Drainspotting – Japan’s different kind of street art
It’s no surprise to me the streets of Japan are paved with cute… And here’s the categorical proof. The past few years have seen Japanese photographer S. Morita collecting a rather unusual set of arty images – manhole covers. Yes, strange as it may seem, I have fallen in love with the manhole covers of Japan. Now before you roll your eyes and check to see if I’m writing this after gin o’clock, suspend your disbelief and take a little look-see…
Japanese municipalities have quite clearly torn up the rulebook of manhole cover design to produce an array of quite lovely artwork with beautifully colourful patterns and intricately carved designs showing off their own unique identity and creativity.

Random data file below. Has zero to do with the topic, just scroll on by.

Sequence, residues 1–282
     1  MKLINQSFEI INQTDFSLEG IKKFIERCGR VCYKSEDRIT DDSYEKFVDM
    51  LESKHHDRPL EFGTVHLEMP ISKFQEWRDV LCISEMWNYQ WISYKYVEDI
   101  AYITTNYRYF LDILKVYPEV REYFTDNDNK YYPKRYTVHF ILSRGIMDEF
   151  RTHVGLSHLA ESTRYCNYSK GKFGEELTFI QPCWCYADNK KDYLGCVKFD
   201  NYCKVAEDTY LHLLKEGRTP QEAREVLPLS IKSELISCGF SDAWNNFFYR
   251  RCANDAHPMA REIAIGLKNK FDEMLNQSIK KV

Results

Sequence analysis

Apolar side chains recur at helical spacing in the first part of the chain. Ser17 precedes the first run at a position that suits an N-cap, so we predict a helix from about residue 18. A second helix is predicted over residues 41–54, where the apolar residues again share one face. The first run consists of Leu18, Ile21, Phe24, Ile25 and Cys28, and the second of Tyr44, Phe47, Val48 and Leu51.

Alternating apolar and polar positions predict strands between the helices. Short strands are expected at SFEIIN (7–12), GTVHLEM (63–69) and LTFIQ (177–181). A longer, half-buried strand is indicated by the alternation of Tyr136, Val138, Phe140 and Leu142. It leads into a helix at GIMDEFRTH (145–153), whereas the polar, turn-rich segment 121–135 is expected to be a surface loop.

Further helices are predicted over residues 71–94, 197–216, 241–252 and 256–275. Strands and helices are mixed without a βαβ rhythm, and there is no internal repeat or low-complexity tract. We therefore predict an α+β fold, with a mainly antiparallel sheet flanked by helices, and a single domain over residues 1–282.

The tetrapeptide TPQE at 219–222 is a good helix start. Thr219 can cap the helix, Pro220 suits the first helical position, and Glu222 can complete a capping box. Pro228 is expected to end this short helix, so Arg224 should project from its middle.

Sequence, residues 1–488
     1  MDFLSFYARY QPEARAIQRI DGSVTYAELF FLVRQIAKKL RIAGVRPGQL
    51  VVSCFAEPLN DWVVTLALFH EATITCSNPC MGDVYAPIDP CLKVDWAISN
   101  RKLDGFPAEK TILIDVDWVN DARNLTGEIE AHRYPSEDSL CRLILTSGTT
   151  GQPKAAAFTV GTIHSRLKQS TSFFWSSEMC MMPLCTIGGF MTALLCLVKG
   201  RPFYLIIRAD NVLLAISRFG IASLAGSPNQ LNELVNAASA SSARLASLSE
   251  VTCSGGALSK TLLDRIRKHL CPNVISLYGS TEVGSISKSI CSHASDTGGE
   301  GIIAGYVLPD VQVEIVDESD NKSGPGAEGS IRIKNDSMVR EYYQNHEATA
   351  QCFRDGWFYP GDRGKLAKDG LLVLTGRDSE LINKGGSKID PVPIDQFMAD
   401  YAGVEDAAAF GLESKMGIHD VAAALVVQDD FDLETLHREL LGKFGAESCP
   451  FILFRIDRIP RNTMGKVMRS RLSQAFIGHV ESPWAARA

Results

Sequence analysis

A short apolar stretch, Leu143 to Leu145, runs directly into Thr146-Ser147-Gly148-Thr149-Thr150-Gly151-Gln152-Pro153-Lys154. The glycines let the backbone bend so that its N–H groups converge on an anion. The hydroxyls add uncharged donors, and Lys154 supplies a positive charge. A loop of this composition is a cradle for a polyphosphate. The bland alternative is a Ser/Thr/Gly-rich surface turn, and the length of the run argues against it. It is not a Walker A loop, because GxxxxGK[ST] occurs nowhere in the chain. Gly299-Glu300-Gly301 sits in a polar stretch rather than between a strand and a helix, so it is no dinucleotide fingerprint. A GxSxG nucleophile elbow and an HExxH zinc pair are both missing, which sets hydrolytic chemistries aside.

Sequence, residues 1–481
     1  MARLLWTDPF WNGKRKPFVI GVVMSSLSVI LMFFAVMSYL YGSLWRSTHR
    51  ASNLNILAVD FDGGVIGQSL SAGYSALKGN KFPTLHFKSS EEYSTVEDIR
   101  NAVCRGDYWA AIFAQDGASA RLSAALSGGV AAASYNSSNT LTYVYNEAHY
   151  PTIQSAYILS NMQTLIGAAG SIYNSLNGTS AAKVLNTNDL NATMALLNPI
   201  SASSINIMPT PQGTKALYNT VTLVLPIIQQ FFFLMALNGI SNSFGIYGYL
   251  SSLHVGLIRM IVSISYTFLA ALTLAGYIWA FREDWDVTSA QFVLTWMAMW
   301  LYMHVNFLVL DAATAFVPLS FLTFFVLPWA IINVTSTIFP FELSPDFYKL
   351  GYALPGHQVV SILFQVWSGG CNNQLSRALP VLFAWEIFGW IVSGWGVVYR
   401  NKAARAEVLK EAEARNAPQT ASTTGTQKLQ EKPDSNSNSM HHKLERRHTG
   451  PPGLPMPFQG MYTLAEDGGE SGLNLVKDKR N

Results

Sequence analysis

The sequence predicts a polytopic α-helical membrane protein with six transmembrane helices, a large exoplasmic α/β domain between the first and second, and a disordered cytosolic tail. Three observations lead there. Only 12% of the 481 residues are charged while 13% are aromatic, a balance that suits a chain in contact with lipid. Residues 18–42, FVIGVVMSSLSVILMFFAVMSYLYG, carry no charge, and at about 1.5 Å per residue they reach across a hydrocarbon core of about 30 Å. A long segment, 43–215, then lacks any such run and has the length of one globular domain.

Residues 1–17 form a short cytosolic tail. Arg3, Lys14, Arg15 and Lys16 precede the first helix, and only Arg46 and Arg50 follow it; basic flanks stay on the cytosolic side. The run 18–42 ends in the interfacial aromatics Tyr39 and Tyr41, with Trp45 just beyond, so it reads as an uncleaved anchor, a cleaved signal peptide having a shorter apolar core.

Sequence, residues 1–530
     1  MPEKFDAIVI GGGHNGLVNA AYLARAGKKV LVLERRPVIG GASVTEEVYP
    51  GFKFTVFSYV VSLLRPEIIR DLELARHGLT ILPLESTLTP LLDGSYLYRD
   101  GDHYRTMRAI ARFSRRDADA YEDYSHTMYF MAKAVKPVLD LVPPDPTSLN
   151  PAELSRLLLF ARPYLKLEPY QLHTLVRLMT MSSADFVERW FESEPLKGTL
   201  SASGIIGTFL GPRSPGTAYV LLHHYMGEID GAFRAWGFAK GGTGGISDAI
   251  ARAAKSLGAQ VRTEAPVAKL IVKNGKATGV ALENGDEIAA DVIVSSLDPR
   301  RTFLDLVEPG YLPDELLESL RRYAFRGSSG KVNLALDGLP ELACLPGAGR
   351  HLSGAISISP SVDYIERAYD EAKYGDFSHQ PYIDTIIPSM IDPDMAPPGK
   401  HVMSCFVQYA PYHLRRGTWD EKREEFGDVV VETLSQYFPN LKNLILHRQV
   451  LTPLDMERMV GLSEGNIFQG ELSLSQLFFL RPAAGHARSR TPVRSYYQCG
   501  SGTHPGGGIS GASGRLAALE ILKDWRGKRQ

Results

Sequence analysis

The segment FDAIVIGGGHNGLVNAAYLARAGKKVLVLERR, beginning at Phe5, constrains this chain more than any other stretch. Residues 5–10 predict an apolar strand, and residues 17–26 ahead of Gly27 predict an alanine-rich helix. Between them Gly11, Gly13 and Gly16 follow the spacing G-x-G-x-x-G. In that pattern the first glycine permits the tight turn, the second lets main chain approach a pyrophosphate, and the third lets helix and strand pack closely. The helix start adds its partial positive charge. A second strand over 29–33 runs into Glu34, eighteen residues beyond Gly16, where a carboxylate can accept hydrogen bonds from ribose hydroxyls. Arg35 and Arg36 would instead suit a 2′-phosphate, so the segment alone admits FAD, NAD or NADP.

The manhole covers showcase designs from delicate cherry blossoms and traditional pagodas to elaborate cityscapes and iconic architecture. Natural emblems such as Mount Fuji pop up along with happy-go-lucky fruits with faces, smiling and holding hands. Wrought from metal instead of those dreary old European, concrete manhole covers (what were we thinking?!) and painted delightfully, Japan effectively demonstrates how even the simplest of objects can become a work of art.
This fabulous tradition is said to have begun in the 80s when the country needed some swift dollar to continue with a revamp of its sewage system. Some bright spark had the idea that if the taxpayers felt pride in their manhole covers, they would be more accepting and enthusiastic in backing the project. Well, I’m betting someone got more than a few municipality brownie points as the idea certainly caught on with more than 6000 of these arty covers currently out there on the streets and the start up of the Japanese Society of Manhole Covers – yes, that really is a thing.
With different regions in competition to produce the most stylish covers, it looks like this is a trend that will run for a while. Who would have thought that some of the coolest art in Japan might not only be right under your nose but under your feet?
Follow S. Morito’s footsteps via Flickr.